Source: Bloom - The Closing of the American Mind - How Higher Education has Failed Democracy and Impoverished the Souls of Today's Students

  1. Professor Bloom has his own way of doing things. Writing about the higher education in America, he does not observe the forms, manners and ceremonies of what is called (usually by itself) the community of scholars. Yet his credentials are irreproachable. He is the author of an excellent book on Shakespeare’s politics, and has translated Plato’s Republic and Rousseau’s Emile. It will be difficult for nettled colleagues to wave him away, and many will want to do just that, for he is shrewd and mettlesome, as well as learned, and a great observer of what Mencken would call, when he was being mean, “the higher learning.”
  2. But Professor Bloom is neither a debunker nor a satirist, and his conception of seriousness carries him far beyond the positions of academia. He is not addressing himself primarily to the professors. They are welcome to listen — and they will listen because they come under heavy fire — but he places himself in a larger community, invoking Socrates, Plato, Machiavelli, Rousseau and Kant more often than he does our contemporaries: “The real community of man, in the midst of all the self-contradictory simulacra of community, is the community of those who seek the truth, of the potential knowers... of all men to the extent they desire to know. But in fact, this includes only a few, the true friends, as Plato was to Aristotle at the very moment they were disagreeing about the nature of the good. ... They were absolutely one soul as they looked at the problem. This, according to Plato, is the only real friendship, the only real common good.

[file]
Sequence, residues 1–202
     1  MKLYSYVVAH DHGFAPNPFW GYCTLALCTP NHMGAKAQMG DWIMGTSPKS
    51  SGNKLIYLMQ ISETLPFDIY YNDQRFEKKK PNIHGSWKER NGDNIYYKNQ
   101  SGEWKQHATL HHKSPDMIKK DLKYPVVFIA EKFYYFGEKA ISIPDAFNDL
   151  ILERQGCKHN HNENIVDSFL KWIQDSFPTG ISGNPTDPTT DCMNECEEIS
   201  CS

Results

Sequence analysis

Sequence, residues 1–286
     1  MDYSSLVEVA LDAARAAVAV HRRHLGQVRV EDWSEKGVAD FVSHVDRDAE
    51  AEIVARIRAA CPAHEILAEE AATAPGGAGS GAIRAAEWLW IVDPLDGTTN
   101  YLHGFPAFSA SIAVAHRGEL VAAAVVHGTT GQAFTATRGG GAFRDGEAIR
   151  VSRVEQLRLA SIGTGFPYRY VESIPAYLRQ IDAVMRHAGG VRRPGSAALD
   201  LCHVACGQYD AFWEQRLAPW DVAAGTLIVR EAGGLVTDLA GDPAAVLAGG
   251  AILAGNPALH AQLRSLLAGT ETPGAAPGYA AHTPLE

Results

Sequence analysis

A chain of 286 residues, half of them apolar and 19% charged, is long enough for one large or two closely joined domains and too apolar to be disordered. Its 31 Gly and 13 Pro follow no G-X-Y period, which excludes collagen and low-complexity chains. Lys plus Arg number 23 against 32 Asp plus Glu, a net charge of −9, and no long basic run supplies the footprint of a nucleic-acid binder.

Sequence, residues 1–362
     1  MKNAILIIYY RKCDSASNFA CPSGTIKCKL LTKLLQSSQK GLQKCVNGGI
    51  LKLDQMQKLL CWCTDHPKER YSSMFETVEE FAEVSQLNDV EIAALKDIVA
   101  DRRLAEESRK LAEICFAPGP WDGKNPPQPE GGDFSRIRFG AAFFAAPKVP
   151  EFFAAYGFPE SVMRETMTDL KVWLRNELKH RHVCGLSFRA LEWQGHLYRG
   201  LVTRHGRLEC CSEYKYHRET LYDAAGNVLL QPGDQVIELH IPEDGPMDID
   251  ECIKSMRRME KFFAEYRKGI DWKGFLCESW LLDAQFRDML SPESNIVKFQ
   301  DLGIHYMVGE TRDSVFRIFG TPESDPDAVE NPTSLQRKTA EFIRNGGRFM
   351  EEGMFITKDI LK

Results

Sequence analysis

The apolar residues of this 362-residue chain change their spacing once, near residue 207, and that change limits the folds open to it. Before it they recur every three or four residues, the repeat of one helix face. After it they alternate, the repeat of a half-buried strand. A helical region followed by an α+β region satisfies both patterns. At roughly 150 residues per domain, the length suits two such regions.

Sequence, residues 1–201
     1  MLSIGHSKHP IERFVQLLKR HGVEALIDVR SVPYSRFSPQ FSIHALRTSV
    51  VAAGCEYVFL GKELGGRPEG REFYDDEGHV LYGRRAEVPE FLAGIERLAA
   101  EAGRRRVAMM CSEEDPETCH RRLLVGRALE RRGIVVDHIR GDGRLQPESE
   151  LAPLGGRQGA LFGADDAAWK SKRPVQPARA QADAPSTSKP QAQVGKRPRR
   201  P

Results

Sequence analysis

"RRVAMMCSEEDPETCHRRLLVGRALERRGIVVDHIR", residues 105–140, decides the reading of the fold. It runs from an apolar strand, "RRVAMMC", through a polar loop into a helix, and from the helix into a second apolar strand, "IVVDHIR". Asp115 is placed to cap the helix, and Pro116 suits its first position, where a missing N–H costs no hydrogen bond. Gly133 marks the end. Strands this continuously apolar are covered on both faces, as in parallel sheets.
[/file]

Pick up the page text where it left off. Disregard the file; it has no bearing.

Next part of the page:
"Bloom (Allan) - The Closing of the American Mind"

Source: Bloom - The Closing of the American Mind - How Higher Education has Failed Democracy and Impoverished the Souls of Today's Students

    Foreword, by Saul Bellow – 11
    Preface – 19
    Introduction: Our Virtue – 25
    1. The Clean Slate – 47
    2. Books – 62
    3. Music – 68
    4. Relationships – 82
      → Self-Centeredness – 82
      → Equality – 88
      → Race – 91
      → Sex – 97
      → Separateness – 109
      → Divorce – 118
      → Love – 122
      → Eros – 132
    1. The German Connection – 14l
    2. Two Revolutions and Two States of Nature – 157
    3. The Self – 173
    4. Creativity – 180
    5. Culture – 185
    6. Values – 194
    7. The Nietzscheanization of the Left or Vice Versa – 217
    8. Our Ignorance – 227
    1. From Socrates’ Apology to Heidegger’s Rektoratsrede – 243
      → Tocqueville on Democratic Intellectual Life – 246
      → The Relation Between Thought and Civil Society – 256
      → The Philosophic Experience – 268
      → The Enlightenment Transformation – 284
      → Swift’s Doubts – 293
      → Rousseau's Radicalization and the German University – 298
    2. The Sixties – 313
    3. The Student and the University – 336
      → Liberal Education – 336
      → The Decomposition of the University – 347
      → The Disciplines – 356
      → Conclusion – 380
    Index – 383